Mateo Counties where absenteeism reached levels of
20-25 percent in some schools during early and mid-March.
In the latter county, high school students appeared to be
more several. affected than those of elementary school
age. During the same period, Butte and Merced Counties
witnessed a distinct increase in the incidence of flu-like
disease, accompanied by elevated school and industrial
absenteeism in the latter country.
Cverall absenteeism in 9 school jurisdictions in which
continuous surveillance is maintained rose moderately in
early March and reached a mean level of about 10 percent
for the week ended March 14.


WEEKLY PNEUMONIA AND INFLUENZA DEATHS
IN EIGHT CALIFORNIA CITIES


Week ending
March 7
March 14
March 21
March 28
Four wek total
Four week meon


Observed
58
67
76
74
275
69


Expected
35
34
34
34
137
34


Percent Excess
65
96
124
118
101
103


Pneumonia-influenza deaths in 8 reporting cities first
exceeded the expected lvel in mid-February and have con-
tinued to rise since then. Reported deaths during the past
4 weeks compared with the expected incidence (mean for
the period Ir:'-:') are given in the table above.
(R prtfrd by P'hrrp K. r,,ndit. if D.. ChAr, Hurtr a, of
Comrrmunicable Disegse. tae Prpartmrrnt of Health,
fHrrktIri. California).


Oregon
A total of 3,515 cases of influenza-like disease were
reported to State health officials in Portland during the
past week, as compared to 4,224 cases during the previous
week. This represents the first interval in which a decline
in case reports was noted since the current epidemic began
in mid- February. Influenza A, has been confirmed serologi-
cally as the etiologic agent in 3 additional cases during
the past week, bringing to 11 the total number of laboratory
confirmed cases.
(Reported b) Dr. Grant USnnr,. DIrect'r. Epidemrolog)
Section, State Board of Hi, tlil1. 'Portland. Oregon).




RABIES Canal Zone

The first case of canine rabies to be reported in the
Canal Zone since 1910 occurred in Balboa in August 1963.
A 10-year-old male dog died 30 days following inoculation
with chick embryo rabies vaccine. The dog had been
vaccinated 3 years previously. The diagnosis was estab-
lished both by fluorescein antibody and mouse inoculation
tests.
The dog had resided in the Canal Zone all its life-
he had never traveled outside the Zone.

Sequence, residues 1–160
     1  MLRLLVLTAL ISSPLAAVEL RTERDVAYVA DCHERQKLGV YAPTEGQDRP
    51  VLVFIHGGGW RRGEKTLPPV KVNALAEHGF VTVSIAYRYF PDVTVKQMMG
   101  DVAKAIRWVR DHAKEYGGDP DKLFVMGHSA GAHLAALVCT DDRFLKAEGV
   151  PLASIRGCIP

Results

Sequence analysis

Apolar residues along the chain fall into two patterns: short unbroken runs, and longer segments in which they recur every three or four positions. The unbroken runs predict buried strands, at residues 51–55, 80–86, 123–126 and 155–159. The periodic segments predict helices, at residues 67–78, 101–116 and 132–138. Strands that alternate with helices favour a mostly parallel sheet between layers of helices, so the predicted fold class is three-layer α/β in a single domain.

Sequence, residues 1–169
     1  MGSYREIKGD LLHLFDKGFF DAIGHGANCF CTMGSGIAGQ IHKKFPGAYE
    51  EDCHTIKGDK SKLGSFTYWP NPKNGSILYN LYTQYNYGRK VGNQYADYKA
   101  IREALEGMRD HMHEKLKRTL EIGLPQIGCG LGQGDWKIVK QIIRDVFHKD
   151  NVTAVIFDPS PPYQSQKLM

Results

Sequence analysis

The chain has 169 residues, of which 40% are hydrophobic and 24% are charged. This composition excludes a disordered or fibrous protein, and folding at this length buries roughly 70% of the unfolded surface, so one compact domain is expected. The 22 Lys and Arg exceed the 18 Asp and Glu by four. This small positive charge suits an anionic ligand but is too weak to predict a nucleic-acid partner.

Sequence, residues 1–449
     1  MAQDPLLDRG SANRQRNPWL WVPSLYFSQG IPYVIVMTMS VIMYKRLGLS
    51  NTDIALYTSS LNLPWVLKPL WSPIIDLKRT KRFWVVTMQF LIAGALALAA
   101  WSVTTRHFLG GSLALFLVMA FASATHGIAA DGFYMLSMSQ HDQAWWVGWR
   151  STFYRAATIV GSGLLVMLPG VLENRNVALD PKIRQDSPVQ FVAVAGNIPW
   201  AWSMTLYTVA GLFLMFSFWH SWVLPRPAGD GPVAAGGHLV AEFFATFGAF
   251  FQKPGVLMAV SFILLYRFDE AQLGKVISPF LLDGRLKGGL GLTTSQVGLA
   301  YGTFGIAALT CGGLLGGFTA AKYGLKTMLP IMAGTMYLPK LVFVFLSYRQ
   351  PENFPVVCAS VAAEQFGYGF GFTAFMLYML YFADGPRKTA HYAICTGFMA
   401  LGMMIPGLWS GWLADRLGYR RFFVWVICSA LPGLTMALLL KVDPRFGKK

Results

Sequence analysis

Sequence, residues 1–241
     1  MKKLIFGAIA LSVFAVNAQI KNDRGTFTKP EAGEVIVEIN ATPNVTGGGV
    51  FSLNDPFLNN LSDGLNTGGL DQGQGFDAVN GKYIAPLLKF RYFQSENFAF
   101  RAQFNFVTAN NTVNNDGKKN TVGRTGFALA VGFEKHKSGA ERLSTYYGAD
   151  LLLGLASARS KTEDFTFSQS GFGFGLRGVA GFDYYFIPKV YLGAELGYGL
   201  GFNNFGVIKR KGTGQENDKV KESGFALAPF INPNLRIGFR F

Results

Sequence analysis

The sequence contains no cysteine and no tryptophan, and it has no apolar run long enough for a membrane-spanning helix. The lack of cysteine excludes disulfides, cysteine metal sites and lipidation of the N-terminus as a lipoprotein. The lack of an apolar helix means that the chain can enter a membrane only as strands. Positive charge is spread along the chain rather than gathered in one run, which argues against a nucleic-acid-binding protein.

The mode of transmission remains in doubt. Six
months earlier, a bat found near the dog's home, had been
proved rabid. It cannot be determined whether the dog was
bitten by some unidentified rabid animal or whether the
disease was due to vaccine virus infection.
(Reported b) Pr. Robert G. Mathenev, C hbef, DIarsion of
Vererinar Medicine, Canal Zone Department of Health.)


110


80

60

40

20








Morbidity and Mortality Weekly Report


TULAREMIA New York

Tularemia was diagnosed retrospectively in a 51-year
old Suffolk County man who skinned and ate a rabbit
which his dog had killed and brought home in early
November.
Three days after the skinning, the patient experi-
enced chills and fever; four days later a pustule devel-
oped between his fingers, but was not noticed by his
physician. Tetracycline was given and the patient ap-
peared improved. About 2 weeks later, an axillary lymph
node became render and a pulmonary infiltrate was seen
on X-ray. Culture of the node was negative for tubercu-
losis. The diagnosis remained in doubt.
Five weeks after onset, the patient mentioned the
pustule to the physician, who then suspected tularemia.
The agglutination titer was 1/640.
(Reported b) Max Backer, M.D., Suffolk County Health
Department and Robert M. Albrecht, M.D., Director, Office
of Epidemiology, New York State Health Department.)




ANTHRAX Arkansas

The case of human anthrax, reported in Arkansas for
the week ended February 29, involved a 23-year-old white
male dairy farm worker.


The patient began working on the farm January 27 at
a variety of chores including milking and preparing feed
for the cows. His work resulted in multiple and frequent
minor skin abrasions on both hands. He denied contact
with sick or dead animals.
A small papule and vesicle, painless but itchy,
developed between the thumb and first finger of his left
hand on Februar) 17. During the next 3 days, 3 additional
lesions appeared on his left hand and 4 on his ri.:hr hand.
Bilateral tender axillary lymphadenopathy was noted.
On February 26, when he had a temperature of 99.20F, he
received 600,000 units of penicillin, which was repeated
the following day. He became afebrile, and on February 28
each cutaneous lesion had developed into a black eschar;
axillary lymphadenopathy diminished.
Cultures of the lesion, taken after administration of
penicillin proved negative for Bacillus anthracis. The
diagnosis was made on clinical impression. This area of
the State is not known as an animal anthrax area.
(Reported by L. J. Strickland, M.D.; W. M. Taegel. D.V.M.,
and William J. Hatley, Little Rock City Health Depart-
ment; Dora Pickard, P.H.N., and Mrs. May Ferguson,
P.H.N., Lonoke County Health Department; Harvie R.
Ellis, D.V.M.. Director, Division of Veterinary Public
Health, William L. Bunch, Jr., M.D., Director, Communi-
cable Disease Control, and J. T. Herron, M.D., State
Health Officer, Arkansas State Board of Health.)


TOTAL DEATHS REPORTED IN 108 CITIES


The weekly average number of total deaths in 108
cities for the four-week period ending March 28 was
11.912 as compared with an expected weekly average of
12,151


Week Ending
4 Week Weekly
3.7 3/14 3/21 3/28 Total Average